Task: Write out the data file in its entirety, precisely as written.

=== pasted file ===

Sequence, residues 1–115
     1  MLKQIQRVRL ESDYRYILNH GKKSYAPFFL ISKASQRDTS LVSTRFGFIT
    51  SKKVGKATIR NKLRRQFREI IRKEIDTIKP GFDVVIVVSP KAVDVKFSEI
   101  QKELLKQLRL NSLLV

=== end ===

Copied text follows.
Sequence, residues 1–115
     1  MLKQIQRVRL ESDYRYILNH GKKSYAPFFL ISKASQRDTS LVSTRFGFIT
    51  SKKVGKATIR NKLRRQFREI IRKEIDTIKP GFDVVIVVSP KAVDVKFSEI
   101  QKELLKQLRL NSLLV